Thursday, November 01, 2007

FAA History Lesson -- November 1

After a rather long dry spell, the history lessons are picking up again. There are at least a dozen events I could write about today -- bombings, mid air collisions, crashes, the first FAA Administrator --but I’ll stick with just two.

From the FAA Historical Chronology, 1926-1996...

”Nov 1, 1937: A Department of Commerce rule went into effect that required scheduled air carriers to employ a copilot on multi-engine aircraft with retractable landing gear or wing flaps, and on single-engine aircraft incorporating both retractable landing gear and wing flaps. It also required a copilot in scheduled service during instrument flying and during flights that exceeded a certain duration. (See Oct 1, 1931 and Jul 8, 1940.)“

It’s hard to remember that there was a time when there wasn’t any “road map” or history on which to base decisions in developing the National Airspace System. A copilot on an airliner is just something we take for granted now.

From the FAA Historical Chronology, 1926-1996...

”Nov 1, 1975: New procedures went into effect requiring air traffic controllers to provide an extra mile of separation between small aircraft landing behind large and heavy aircraft capable of generating hazardous wake turbulence (see Mar 1, 1970). Reflecting the findings of two special studies, the new procedures required that small aircraft be separated by 4 miles when landing behind large aircraft and by 6 miles when landing behind heavy aircraft. The "small" aircraft category (12,500 lbs. or less) included most of the country's air taxis and general aviation aircraft. The "large" category (12,500-300,000 lbs.) included certain business aircraft such as the Sabreliner and Jetstar, the smaller DC-8s and Boeing 707s, and the Boeing 727 and 737. (The Boeing 757 also joined the “large” category after its certification in 1982.) The "heavy" category (300,000 lbs. or more) included the C-5A, DC-10, L-1011, Boeing 747, and the larger versions of the DC-8 and 707. (See Spring 1976 and Dec 19, 1992.) “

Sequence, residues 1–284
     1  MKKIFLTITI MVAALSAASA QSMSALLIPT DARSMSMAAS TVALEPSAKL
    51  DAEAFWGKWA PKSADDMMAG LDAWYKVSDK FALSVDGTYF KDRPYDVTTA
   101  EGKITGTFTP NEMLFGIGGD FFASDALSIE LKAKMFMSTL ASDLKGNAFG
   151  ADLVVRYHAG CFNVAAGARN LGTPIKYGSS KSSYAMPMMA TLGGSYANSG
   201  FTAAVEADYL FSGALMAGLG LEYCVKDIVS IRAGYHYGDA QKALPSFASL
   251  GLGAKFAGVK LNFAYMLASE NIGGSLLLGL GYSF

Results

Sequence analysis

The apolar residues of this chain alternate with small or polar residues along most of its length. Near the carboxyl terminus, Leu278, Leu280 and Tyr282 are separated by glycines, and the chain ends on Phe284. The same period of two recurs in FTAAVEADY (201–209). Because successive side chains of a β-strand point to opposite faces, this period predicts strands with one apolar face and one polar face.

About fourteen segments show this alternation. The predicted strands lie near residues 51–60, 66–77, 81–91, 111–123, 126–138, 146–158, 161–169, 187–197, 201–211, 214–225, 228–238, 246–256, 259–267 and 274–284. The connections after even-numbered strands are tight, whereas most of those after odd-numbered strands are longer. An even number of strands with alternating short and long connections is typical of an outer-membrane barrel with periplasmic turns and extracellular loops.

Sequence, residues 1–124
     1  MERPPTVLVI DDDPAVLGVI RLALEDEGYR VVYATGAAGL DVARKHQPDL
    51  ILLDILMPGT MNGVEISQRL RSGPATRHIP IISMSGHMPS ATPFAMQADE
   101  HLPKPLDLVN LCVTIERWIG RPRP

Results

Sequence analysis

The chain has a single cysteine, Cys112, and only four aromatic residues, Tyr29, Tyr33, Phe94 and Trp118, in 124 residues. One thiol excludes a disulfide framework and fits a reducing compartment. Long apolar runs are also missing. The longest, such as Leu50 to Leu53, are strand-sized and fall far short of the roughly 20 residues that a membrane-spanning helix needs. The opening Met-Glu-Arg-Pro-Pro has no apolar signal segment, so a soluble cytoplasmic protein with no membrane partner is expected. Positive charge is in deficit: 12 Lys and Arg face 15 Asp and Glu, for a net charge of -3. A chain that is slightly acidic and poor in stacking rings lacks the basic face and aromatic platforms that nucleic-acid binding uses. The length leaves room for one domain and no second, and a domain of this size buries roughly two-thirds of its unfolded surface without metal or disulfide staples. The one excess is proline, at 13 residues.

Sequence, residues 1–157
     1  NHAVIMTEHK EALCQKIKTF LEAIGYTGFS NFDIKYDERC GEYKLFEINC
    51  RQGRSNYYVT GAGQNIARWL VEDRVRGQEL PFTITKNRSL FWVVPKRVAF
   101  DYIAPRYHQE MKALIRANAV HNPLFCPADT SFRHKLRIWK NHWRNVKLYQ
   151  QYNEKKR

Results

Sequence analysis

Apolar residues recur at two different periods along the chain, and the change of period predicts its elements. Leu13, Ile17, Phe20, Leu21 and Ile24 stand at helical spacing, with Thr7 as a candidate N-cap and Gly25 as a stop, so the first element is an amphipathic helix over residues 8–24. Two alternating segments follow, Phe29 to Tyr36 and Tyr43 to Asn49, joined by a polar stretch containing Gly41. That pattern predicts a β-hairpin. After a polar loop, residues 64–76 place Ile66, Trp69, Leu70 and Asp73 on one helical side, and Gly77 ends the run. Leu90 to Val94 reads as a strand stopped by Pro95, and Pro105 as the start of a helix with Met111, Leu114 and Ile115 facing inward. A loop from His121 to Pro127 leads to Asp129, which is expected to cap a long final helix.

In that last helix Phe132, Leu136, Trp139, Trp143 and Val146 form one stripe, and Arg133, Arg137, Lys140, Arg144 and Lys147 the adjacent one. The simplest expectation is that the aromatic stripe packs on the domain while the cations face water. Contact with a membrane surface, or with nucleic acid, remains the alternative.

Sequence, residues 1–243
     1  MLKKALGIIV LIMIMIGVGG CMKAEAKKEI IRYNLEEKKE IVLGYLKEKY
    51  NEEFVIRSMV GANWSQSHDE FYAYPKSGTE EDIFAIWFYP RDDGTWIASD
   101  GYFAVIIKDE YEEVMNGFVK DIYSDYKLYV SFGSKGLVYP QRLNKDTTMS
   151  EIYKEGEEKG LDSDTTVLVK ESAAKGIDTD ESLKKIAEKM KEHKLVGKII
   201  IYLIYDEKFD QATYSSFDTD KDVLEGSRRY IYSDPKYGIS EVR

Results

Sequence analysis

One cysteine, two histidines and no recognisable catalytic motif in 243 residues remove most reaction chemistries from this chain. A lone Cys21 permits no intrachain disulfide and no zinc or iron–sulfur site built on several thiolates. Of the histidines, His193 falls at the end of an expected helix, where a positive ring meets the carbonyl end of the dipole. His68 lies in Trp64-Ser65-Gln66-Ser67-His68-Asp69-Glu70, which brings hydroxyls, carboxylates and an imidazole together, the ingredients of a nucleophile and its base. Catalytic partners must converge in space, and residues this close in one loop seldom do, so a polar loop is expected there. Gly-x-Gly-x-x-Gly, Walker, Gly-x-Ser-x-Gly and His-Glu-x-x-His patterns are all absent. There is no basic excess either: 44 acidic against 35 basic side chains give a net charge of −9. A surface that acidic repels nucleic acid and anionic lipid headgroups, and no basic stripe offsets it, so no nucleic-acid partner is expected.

When you read today’s aviation news, I want you to keep this one phrase in mind: Wake Turbulence. Seriously, that one phrase will allow you to separate fact from fiction faster than anything else out there. Here, let me show you.

The FAA has redesigned the airspace so that more planes can land and take off at the same time...”

To which you say to yourself, “wake turbulence” and you immediately realize it’s fiction. You can only get airplanes so close together before they encounter wake turbulence and start crashing.

At some hours, Kennedy has more than 100 scheduled arrivals and departures. The F.A.A. said the airport actually handled 80 or 81 per hour this summer, which is the maximum the Transportation Department wants the airlines to schedule.

The airlines said Kennedy could handle more with better equipment and procedures, and have complained that the department’s target number is too strict.”

“Wake turbulence.” The statement “...Kennedy could handle more with better equipment and procedures,...” is fiction.

You’ll notice that those two stories come from well-respected new sources so let me be clear that the problem isn’t the messenger -- it’s the message the press is being given.

If you’ll take the time to read this report from the NTSB about the crash of American Airlines 587 you’ll understand some of the concerns about wake turbulence and how serious it is.

Don Brown
November 1, 2007

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